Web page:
A few days ago, a dear friend of mine, who is going through some “stuff”, asked me how I got myself out of unhappiness. It’s hard to remember unhappiness when you are firmly grounded in happiness. I mean, true happiness, the one that lives inside and is not subject to circumstances. I sat on her question for a bit and tried to recall the exact steps that first led me to where I am. There is a myriad of small changes that happens when switching from unhappy-world-view to happy-world-view – entire libraries worth- but these were my first steps, in order:
0. Be miserable
I think that was my true first step. As long as life was hum-drum, comfortable or pleasant, I had no impetus for change. Because I had the strange ability to pep-talk myself with positive affirmations, I had to get pretty damn unhappy before real alchemy could occur. But, I did get there. A set of events and a relationship knocked me off my comfy ways. In the throes of a self-inflicted tragedy, I realized that the only element in the situation I could change was me. I then had to admit that I had no clue how. Smarts, strength or will power cannot clear misery. I had to become vulnerable and surrender to the misery rather then fight it with gimmicks, distractions or “composure”. I let my known world crumble away. Tabula raza. Back to knowing nothing. That’s where true change started. That part was the worst, and it felt endless, even though it really only lasted a few months.
1. Spy the monkey brain
Next, I identified the source of my misery. It wasn’t any situation or person or lacking in anything. No, it was my own thoughts. We have what Buddhists call a “monkey brain”: Incessant thoughts run through our minds every waking moment of the day, and with each an associated set of emotions. My next step was to notice my monkey brain. If I could notice it from an observer perspective, then clearly “I” was an entity outside of those thoughts. For a while, I just practiced watching my thoughts and the emotional reactions they triggered. I still felt victimized, miserable, sad, angry, outraged, etc. but I also saw the direct correlation between my thoughts and my emotions. If somebody did something “to me” when I was 7 and I was still feeling anger, resentment or hurt, the source of the pain I felt as a grown woman must have been in me, because that person, event and situation were since long gone. Realizing it’s all an inside job helped me stay focused on myself rather than dissipate my energy in pointless blaming.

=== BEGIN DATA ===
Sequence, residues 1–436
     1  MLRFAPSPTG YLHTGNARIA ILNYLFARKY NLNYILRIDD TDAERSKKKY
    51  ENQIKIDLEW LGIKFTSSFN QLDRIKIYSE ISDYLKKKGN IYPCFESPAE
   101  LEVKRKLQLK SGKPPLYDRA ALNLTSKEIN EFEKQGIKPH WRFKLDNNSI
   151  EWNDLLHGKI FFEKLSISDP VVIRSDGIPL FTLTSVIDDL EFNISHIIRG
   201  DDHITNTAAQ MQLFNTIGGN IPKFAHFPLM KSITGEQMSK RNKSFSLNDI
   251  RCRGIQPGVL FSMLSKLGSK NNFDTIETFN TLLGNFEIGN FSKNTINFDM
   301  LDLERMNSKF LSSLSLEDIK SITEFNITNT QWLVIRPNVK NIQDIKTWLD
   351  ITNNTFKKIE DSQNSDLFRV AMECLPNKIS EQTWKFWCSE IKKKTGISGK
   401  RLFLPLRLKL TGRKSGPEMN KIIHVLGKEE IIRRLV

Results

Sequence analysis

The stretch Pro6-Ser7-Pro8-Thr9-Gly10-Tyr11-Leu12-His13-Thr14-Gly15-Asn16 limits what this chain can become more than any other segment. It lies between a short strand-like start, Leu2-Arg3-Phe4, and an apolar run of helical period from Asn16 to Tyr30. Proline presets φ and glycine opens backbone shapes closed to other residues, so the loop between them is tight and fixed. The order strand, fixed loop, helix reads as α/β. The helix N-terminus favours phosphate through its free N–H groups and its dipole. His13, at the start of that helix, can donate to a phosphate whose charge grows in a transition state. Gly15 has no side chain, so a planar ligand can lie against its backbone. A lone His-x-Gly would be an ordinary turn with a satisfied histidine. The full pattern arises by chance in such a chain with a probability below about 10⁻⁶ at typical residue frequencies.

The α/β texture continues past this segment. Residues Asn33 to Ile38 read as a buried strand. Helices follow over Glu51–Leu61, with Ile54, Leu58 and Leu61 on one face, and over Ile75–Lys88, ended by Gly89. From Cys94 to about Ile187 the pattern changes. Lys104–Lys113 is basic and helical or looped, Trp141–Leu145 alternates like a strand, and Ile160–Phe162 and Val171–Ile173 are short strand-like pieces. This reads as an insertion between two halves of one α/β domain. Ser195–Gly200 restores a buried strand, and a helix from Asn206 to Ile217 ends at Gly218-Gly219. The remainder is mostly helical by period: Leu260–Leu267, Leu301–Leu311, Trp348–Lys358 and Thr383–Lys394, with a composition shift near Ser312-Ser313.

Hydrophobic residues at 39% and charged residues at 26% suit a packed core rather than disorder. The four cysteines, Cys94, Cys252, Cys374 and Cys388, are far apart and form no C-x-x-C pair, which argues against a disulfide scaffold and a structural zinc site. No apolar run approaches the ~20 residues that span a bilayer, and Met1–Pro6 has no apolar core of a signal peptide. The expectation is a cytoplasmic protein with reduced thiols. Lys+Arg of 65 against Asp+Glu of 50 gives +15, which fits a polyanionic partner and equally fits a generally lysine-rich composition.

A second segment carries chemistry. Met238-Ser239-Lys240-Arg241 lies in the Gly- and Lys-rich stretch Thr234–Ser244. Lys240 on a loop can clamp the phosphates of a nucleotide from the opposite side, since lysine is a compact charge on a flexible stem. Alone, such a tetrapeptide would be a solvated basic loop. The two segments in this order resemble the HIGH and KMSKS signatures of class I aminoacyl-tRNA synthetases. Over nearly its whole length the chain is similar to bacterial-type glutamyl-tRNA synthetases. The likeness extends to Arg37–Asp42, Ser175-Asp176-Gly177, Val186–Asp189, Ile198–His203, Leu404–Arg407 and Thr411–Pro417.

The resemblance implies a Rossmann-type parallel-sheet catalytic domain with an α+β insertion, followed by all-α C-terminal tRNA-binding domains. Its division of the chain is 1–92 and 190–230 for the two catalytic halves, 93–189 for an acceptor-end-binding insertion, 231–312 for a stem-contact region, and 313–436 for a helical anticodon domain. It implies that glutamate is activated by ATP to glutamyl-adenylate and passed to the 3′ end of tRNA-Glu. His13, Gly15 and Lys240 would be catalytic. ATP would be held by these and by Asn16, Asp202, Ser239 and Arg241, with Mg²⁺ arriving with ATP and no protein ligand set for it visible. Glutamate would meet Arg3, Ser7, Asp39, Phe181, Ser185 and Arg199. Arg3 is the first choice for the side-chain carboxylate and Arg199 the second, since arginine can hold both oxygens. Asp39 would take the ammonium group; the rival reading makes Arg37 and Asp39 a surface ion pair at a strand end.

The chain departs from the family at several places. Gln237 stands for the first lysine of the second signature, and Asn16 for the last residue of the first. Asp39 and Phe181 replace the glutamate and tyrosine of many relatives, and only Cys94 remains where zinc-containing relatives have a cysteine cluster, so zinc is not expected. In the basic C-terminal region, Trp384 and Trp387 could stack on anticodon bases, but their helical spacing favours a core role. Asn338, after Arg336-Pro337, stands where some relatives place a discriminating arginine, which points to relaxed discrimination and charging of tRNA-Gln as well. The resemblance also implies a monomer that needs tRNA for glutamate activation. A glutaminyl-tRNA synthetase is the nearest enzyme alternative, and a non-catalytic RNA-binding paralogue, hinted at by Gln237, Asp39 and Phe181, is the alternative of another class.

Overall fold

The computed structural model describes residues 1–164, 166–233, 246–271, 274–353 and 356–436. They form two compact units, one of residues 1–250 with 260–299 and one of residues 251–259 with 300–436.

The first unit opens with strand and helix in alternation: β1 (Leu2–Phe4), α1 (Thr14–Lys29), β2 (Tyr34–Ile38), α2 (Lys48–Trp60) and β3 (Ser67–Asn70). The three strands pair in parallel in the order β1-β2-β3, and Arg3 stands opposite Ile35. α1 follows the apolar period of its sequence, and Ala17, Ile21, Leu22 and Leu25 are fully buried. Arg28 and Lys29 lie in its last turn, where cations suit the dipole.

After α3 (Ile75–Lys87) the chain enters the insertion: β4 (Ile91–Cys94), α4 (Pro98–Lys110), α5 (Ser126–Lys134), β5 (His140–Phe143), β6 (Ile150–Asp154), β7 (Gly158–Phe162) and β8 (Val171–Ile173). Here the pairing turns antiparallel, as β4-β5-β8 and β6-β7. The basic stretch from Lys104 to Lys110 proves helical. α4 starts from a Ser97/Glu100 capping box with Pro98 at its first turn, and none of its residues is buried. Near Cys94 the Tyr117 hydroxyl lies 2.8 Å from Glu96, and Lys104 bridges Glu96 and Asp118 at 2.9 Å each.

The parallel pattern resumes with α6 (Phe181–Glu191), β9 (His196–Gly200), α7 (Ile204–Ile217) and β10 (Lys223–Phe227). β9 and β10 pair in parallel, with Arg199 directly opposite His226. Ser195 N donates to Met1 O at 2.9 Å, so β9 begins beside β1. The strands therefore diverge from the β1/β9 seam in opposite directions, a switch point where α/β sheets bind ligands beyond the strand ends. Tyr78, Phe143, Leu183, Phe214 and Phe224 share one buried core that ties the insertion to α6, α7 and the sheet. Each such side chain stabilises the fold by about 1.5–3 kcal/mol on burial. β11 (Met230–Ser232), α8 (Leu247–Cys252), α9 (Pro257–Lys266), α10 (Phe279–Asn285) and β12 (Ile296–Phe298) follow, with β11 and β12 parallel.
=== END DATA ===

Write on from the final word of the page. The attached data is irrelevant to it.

2. Drop the baggage, it’s not yours
The more I observed my thoughts, the more I began questioning them. “You’re difficult.”, “You don’t deserve it.”, “You can’t.”, “Your nose is too long.”, “You have to work hard to pay your bills.” Who was saying all this in my head??? What voice did those thoughts have? Where had I heard them before? As an observer, I discovered that most of my thoughts were actually not mine. They were thoughts I had borrowed from others – usually influential people like parents, teachers, partners, friends. Some were “common knowledge” in the society in which I grew up. This wasn’t about blaming others for my thoughts, but simply realizing they were not mine, and dropping them. This was a very unsettling part of the process for me. If I couldn’t trust anything in my own head, what could I trust? I was in limbo between worlds for a few months. But, whenever I wasn’t freaking out with thoughts that I couldn’t trust my thoughts, I actually began to feel lighter.
3. Catch snowballs
Once I had my monkey brain under scrutiny for a while, I was able to zoom out from the individual internal dialogues/thoughts to the overarching themes/stories of my life. There are recurring themes in our thoughts. Any thought that start with “I am …”, ” I always …”, “I never …” are keys to the story we believe and tell about ourselves. I realized the story was composed of thoughts, and the thoughts were not to be trusted, so the story was just that – a story, not reality. The tricky part – and I learned this later, not when I was in the midst of getting my world dismantled – is that life has a feedback mechanism built in that validates whatever story we believe about ourselves, thereby making it look like reality. If I say “I always have bad luck.”, whether through selective perception, the law of attraction, manifestation or the will of a higher-power(the mechanism is the same regardless of our story for it) I will have bad luck, and therefore continue saying I have bad luck, which will bring more bad luck. So the trick is to see the snowball effect and stop feeding it.